Neck proprioception, strength, flexibility, and posture in pilots with and without neck pain history.

Journal Article (Journal Article)

INTRODUCTION: Neck pain (NP) is common among military helicopter pilots. Older age and more flight-hours have been associated with pilots with a history of NP. However, modifiable neuromuscular and musculoskeletal characteristics such as neck proprioception, strength, flexibility, and posture have rarely been investigated in military helicopter pilots with a history of NP. The purpose of the study was to compare demographics, flight characteristics, physical fitness information, neck proprioception, strength, flexibility, and posture between helicopter pilots with and without a history of NP. METHODS: A total of 27 Army helicopter pilots with NP in the past 12 mo (pain group) were matched based on age with pilots without a history of NP (nonpain group). All pilots had flown at least 100 h in the past 12 mo and were cleared for flight and physical training. All pilots completed a battery of laboratory testing: neck proprioception, neck and scapular muscular strength, neck active range-of-motion (ROM), forward head and shoulder posture, and pectoralis minor length. Paired t-tests or Wilcoxon tests were used to compare differences between groups. RESULTS: The pain group had significantly less cervical extension (63.7 +/- 8.5 degrees) and rotation ROM (R rotation: 67.7 +/- 8.8 degrees; L rotation: 67.4 +/- 9.0 degrees) when compared to the nonpain group (extension: 68.3 +/- 7.4 degrees; R rotation: 73.4 +/- 7.4 degrees; L rotation: 72.9 +/- 6.8 degrees). No significant differences were found for other variables. CONCLUSION: The results demonstrate less neck active ROM in pilots with a history of NP. Operating a helicopter with limited neck ROM or NP may negatively impact flight safety and force readiness. Continued research is warranted.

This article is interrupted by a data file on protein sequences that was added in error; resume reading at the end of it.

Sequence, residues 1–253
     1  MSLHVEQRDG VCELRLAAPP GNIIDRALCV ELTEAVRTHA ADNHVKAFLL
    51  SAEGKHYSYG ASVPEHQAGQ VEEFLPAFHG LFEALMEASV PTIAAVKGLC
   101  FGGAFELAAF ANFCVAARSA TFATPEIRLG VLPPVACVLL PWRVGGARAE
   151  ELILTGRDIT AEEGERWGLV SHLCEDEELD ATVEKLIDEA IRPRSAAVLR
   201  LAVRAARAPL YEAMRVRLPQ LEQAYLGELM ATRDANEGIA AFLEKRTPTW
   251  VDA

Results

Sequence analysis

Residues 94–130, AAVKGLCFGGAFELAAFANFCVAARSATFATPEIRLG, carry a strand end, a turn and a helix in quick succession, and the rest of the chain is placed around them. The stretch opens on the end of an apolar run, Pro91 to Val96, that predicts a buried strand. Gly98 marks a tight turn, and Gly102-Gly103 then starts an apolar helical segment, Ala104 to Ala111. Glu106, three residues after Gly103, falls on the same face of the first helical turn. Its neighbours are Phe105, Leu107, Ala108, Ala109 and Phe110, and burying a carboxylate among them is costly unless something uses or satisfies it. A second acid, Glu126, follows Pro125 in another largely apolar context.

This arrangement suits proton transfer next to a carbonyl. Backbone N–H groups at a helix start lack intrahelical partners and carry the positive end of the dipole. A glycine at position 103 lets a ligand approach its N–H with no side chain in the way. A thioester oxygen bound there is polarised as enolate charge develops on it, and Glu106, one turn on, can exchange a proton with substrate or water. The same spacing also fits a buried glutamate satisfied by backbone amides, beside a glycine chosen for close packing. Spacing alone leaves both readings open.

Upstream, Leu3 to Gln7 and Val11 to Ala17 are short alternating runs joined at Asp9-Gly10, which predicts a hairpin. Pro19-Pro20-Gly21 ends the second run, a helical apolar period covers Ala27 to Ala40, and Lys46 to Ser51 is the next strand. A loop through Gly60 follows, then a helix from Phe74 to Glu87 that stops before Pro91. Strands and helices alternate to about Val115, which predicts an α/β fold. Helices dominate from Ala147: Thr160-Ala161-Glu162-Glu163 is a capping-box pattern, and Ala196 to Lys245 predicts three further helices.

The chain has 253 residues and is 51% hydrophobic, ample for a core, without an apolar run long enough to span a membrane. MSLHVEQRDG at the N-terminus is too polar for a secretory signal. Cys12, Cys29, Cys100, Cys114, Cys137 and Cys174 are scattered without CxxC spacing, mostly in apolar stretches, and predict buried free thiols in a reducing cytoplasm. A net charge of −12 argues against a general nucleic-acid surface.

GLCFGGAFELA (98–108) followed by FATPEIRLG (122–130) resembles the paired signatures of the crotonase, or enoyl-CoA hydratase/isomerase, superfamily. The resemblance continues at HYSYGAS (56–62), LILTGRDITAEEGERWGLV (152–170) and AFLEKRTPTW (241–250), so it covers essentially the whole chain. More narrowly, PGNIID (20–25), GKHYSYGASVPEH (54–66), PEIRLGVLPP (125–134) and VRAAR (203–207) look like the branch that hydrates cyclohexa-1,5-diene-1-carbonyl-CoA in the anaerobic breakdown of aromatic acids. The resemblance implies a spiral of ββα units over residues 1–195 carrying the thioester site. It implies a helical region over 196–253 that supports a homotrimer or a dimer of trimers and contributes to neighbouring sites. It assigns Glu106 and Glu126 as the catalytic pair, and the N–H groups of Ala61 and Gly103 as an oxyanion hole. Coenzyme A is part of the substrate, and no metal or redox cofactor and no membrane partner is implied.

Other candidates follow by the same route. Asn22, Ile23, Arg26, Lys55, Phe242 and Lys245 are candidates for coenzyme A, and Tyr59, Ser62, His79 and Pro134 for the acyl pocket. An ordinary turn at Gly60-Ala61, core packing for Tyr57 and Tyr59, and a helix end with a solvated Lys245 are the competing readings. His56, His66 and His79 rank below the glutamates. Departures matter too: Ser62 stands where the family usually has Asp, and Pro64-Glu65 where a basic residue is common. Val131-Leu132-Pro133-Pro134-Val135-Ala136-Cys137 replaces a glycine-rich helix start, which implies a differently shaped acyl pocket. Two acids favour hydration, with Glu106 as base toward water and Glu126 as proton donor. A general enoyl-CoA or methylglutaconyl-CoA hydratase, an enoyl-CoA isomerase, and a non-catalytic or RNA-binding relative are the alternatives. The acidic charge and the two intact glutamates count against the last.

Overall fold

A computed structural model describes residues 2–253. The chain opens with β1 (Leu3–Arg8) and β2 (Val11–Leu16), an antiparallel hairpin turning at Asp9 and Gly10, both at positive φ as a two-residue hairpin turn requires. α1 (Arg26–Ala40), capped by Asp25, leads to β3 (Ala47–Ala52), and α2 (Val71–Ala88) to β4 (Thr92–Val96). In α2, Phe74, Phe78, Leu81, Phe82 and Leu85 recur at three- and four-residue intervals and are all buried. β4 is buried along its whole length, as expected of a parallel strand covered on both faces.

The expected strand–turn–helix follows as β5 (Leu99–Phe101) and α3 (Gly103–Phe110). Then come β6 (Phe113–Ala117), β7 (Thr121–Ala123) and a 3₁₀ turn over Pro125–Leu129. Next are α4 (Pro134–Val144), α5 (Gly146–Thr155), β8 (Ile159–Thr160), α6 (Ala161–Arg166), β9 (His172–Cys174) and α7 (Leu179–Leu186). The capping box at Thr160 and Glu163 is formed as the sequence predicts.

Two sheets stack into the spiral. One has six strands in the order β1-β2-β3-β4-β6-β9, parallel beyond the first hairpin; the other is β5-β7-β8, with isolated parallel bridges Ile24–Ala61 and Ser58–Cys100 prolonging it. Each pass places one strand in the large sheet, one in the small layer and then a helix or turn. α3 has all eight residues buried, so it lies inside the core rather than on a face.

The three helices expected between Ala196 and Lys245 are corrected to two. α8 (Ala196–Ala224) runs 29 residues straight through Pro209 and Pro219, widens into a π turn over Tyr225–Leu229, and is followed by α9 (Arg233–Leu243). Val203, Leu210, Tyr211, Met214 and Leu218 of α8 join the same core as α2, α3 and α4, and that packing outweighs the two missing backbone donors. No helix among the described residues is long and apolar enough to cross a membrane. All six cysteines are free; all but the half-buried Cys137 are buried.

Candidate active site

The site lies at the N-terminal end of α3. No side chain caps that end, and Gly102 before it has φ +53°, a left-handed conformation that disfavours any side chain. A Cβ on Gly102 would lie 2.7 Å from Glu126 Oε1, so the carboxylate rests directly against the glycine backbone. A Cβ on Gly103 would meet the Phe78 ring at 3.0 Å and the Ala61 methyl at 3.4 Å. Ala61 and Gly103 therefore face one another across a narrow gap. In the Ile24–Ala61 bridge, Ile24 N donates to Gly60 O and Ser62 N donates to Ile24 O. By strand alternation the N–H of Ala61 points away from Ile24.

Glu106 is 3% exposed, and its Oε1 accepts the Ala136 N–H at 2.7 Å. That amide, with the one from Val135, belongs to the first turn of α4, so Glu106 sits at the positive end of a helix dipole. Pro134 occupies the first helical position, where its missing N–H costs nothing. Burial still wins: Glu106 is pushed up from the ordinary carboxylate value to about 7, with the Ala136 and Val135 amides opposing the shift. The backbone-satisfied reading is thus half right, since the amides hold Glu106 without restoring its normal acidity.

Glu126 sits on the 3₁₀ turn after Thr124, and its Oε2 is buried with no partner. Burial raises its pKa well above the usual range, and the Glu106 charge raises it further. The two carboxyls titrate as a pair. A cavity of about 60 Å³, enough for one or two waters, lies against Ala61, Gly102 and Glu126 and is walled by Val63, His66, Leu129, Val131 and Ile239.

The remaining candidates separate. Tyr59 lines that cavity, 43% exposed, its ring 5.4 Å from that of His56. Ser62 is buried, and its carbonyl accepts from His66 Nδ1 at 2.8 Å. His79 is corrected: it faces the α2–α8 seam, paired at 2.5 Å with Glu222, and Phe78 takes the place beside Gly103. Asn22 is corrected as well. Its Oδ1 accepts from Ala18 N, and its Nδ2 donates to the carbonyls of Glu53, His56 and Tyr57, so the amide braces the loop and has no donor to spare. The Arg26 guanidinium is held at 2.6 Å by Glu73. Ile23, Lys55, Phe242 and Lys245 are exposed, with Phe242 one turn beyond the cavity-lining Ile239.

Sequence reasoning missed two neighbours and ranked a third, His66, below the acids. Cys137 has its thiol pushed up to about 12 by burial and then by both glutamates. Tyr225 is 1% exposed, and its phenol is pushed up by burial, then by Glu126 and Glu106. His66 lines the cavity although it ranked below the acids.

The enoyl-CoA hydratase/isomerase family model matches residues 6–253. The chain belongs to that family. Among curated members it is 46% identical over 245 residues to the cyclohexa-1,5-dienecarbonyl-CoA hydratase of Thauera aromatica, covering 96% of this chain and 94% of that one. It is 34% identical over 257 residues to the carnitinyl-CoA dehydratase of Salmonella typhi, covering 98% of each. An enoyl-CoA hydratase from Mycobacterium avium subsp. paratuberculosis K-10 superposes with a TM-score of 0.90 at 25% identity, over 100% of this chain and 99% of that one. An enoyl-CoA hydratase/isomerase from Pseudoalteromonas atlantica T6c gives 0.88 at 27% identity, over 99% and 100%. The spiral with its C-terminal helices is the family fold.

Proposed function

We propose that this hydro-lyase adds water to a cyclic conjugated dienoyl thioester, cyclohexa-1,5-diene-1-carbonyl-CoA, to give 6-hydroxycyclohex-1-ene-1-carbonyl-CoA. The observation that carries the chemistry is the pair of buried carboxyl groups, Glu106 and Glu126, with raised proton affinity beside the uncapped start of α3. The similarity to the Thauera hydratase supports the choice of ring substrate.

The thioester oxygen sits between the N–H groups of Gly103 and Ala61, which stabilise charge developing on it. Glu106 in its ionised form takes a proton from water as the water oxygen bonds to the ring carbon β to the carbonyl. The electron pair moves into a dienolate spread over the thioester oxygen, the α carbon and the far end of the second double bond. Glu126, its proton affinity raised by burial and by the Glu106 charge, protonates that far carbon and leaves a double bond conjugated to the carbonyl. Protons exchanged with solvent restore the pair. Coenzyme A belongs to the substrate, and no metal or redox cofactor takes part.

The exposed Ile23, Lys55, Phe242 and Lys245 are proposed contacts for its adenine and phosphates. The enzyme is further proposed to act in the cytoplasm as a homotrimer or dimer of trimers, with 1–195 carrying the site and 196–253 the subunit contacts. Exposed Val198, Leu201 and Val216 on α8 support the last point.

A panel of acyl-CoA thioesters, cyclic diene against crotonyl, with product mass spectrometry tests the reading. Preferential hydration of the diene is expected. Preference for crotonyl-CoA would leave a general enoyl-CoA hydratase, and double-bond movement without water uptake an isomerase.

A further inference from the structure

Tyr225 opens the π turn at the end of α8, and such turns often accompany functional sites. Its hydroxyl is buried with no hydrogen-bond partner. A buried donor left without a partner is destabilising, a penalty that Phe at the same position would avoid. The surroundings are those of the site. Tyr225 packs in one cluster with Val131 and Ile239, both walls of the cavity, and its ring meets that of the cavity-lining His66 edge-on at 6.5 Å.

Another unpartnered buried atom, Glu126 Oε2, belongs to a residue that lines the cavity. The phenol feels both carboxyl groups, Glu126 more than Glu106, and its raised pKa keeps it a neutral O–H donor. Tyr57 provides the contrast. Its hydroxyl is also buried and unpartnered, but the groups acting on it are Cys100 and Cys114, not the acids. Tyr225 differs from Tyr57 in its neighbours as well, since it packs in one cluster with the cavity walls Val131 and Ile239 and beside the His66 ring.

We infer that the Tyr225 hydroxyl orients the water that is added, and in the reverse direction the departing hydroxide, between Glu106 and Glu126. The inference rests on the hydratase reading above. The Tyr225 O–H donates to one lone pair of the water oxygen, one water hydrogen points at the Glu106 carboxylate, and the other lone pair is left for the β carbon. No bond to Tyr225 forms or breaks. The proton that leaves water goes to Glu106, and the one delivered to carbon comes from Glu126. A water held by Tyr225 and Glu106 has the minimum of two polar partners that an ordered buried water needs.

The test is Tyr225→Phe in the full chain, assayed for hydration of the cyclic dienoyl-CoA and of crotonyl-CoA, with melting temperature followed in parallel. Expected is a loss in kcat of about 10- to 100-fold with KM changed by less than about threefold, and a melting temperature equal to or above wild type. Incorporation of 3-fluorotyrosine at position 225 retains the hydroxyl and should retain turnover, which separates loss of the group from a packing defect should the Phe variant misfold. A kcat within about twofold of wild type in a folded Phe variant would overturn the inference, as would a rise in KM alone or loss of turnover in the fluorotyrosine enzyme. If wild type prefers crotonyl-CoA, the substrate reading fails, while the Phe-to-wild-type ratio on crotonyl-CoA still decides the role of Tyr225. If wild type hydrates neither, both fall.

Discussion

Full Text

Duke Authors

Cited Authors

  • Nagai, T; Abt, JP; Sell, TC; Clark, NC; Smalley, BW; Wirt, MD; Lephart, SM

Published Date

  • May 2014

Published In

Volume / Issue

  • 85 / 5

Start / End Page

  • 529 - 535

PubMed ID

  • 24834567

International Standard Serial Number (ISSN)

  • 0095-6562

Digital Object Identifier (DOI)

  • 10.3357/asem.3874.2014


  • eng

Conference Location

  • United States